S-R: Who typically comprises your team?
Strohm: I’m the writer-producer-director, and I select all the music. I rely on freelance film crews based in Spokane, Seattle and Phoenix – in some cases people I’ve worked with for 20 years. That way I can hire the best crew for a particular project.
S-R: What are you working on now?
Strohm: A fundraising video for Partners with Families and Children.
S-R: Before signing on to a project, do you have to agree with its premise?
Strohm: Yes, which is the nice thing about owning my own business. And the better the relationship I have with the client, the better the film. I helped with Spokane Transit’s “Yes For Buses!” campaign and last fall’s YWCA’s Women of Achievement Impact Luncheon. But not everything I do is advocacy.
S-R: How do you approach a fundraising or capital-campaign video?
Strohm: My goal is to make the most compelling case I can for support. So I approach it like a lawyer might when making a final argument on behalf of a client in a life-or-death situation.
S-R: Where do you find creative inspiration?
Strohm: YouTube, HBO, Frontline. My hero is Ken Burns. But I’m completely self-taught. I came from radio.
S-R: What’s the best business advice you’ve gotten?
Strohm: Be realistic about costs upfront. I can be very flexible with my pricing, because I wear so many hats. But if the budget is too small, they’re not going to like the product and I’m not going to want to put my name on it.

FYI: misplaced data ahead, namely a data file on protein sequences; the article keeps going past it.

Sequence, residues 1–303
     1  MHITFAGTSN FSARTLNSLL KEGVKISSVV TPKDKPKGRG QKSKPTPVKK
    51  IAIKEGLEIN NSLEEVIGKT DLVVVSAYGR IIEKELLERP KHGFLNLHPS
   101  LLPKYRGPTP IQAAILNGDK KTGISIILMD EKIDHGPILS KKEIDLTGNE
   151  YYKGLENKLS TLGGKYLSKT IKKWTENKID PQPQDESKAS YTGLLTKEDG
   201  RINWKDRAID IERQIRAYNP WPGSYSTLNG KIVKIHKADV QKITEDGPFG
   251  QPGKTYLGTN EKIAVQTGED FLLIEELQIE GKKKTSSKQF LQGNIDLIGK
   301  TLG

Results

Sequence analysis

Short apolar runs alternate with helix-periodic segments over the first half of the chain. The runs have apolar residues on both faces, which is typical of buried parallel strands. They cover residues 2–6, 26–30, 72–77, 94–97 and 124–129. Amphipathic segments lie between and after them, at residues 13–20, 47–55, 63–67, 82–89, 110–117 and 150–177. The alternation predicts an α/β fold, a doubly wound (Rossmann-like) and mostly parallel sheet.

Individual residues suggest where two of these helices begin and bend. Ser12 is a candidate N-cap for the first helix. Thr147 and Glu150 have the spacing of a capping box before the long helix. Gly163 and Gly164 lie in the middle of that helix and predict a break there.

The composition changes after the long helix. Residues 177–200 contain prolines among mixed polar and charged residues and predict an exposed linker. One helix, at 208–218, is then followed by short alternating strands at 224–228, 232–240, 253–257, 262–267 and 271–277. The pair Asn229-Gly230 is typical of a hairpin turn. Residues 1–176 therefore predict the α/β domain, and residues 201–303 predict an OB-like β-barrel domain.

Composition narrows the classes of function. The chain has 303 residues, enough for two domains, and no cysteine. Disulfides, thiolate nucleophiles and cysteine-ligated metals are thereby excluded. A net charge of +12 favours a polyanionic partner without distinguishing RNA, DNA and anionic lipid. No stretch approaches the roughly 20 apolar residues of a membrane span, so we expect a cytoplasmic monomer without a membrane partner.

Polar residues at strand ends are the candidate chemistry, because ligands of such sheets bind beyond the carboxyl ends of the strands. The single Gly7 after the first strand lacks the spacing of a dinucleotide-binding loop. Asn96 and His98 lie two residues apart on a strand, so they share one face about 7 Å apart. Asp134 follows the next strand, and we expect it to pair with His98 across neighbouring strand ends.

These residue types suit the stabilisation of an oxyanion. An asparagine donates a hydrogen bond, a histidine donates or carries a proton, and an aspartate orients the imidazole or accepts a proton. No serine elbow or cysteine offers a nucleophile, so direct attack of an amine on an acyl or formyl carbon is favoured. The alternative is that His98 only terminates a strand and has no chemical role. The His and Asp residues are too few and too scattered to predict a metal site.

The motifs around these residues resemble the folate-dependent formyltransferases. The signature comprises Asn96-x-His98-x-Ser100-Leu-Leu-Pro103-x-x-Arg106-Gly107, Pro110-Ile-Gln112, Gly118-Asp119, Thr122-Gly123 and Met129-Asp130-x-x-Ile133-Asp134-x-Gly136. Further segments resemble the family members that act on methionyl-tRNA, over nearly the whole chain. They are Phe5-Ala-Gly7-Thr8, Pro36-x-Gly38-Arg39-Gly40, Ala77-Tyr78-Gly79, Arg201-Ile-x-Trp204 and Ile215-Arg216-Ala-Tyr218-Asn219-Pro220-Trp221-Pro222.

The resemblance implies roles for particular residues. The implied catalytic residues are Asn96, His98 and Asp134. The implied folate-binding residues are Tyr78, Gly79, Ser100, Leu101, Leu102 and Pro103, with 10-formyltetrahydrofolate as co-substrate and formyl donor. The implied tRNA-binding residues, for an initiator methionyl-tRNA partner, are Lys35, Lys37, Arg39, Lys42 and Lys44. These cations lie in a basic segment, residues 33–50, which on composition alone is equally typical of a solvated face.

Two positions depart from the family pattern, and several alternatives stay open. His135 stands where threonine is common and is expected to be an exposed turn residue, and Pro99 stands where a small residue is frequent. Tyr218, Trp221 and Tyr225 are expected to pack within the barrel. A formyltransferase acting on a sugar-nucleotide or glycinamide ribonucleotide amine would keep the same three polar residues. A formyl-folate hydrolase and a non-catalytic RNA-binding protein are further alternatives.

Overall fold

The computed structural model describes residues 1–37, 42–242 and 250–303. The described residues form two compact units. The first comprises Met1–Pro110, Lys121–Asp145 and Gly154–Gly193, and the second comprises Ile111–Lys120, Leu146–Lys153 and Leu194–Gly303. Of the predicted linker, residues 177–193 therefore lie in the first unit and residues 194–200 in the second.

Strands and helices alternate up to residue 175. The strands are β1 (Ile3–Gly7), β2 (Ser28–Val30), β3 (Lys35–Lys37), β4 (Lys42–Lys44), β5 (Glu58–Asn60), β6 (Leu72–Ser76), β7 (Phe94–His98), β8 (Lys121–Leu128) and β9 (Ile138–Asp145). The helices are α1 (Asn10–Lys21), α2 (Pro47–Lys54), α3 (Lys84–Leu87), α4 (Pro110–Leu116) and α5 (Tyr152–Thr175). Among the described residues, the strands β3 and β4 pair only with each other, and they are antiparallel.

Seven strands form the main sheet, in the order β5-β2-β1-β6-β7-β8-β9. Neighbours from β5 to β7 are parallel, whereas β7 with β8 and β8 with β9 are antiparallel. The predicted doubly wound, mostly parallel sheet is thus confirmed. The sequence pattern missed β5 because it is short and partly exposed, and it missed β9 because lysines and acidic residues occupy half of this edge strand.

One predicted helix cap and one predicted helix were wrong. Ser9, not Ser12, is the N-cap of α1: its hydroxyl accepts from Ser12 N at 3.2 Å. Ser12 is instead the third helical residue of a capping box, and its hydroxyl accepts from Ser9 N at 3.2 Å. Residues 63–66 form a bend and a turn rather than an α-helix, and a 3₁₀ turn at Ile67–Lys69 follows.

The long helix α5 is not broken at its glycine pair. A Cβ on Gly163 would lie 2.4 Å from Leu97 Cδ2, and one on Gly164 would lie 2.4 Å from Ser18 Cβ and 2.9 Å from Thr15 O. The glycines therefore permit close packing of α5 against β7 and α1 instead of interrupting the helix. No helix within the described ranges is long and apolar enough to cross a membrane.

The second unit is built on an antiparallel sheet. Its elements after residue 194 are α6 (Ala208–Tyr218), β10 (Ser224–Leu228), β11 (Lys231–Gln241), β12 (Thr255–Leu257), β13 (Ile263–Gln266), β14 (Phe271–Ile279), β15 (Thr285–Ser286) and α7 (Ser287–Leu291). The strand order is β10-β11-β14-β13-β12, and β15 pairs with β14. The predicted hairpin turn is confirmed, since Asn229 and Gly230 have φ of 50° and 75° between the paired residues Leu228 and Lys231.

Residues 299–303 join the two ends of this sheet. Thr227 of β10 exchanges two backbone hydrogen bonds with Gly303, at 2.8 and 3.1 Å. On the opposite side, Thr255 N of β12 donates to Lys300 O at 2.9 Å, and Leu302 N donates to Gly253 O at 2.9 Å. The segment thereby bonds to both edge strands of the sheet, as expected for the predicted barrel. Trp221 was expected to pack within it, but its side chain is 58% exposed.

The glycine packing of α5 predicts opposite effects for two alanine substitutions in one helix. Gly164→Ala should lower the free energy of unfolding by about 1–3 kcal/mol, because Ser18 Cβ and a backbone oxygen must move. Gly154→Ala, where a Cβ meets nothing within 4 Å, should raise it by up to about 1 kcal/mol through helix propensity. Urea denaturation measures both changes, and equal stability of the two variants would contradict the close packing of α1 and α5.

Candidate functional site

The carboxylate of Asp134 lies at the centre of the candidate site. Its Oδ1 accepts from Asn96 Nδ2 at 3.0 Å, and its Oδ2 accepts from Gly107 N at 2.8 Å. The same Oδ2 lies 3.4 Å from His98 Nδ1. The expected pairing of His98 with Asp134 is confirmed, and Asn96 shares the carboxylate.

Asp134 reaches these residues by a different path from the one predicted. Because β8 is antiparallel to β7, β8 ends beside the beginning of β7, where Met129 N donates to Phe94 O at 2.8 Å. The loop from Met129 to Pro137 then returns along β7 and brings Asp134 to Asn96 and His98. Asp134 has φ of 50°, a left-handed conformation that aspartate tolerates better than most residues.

S-R: Do you have a mantra?
Strohm: Yes. “Be grateful.”
S-R: What do you like most about your job?
Strohm: The creativity.
S-R: What do you like least?
Strohm: Paying bills.
S-R: What’s been your best idea?
Strohm: Working for myself. Some people need to get up, shower, get dressed and drive to an office to feel motivated. Not me. By 8:30, I’m in my chair at home, taking calls and answering emails.
S-R: What’s your greatest virtue?
Strohm: Storytelling. People have seen movies and television all their lives, so they decide in the first 10 seconds whether something is worth sticking with.
S-R: Any guilty pleasures?
Strohm: Binge-watching “Game of Thrones.”
S-R: You aspired to be an English teacher. What has this career taught you about yourself?
Strohm: That I’ll always land on my feet.
This interview has been condensed. Writer Michael Guilfoil can be contacted at email@example.com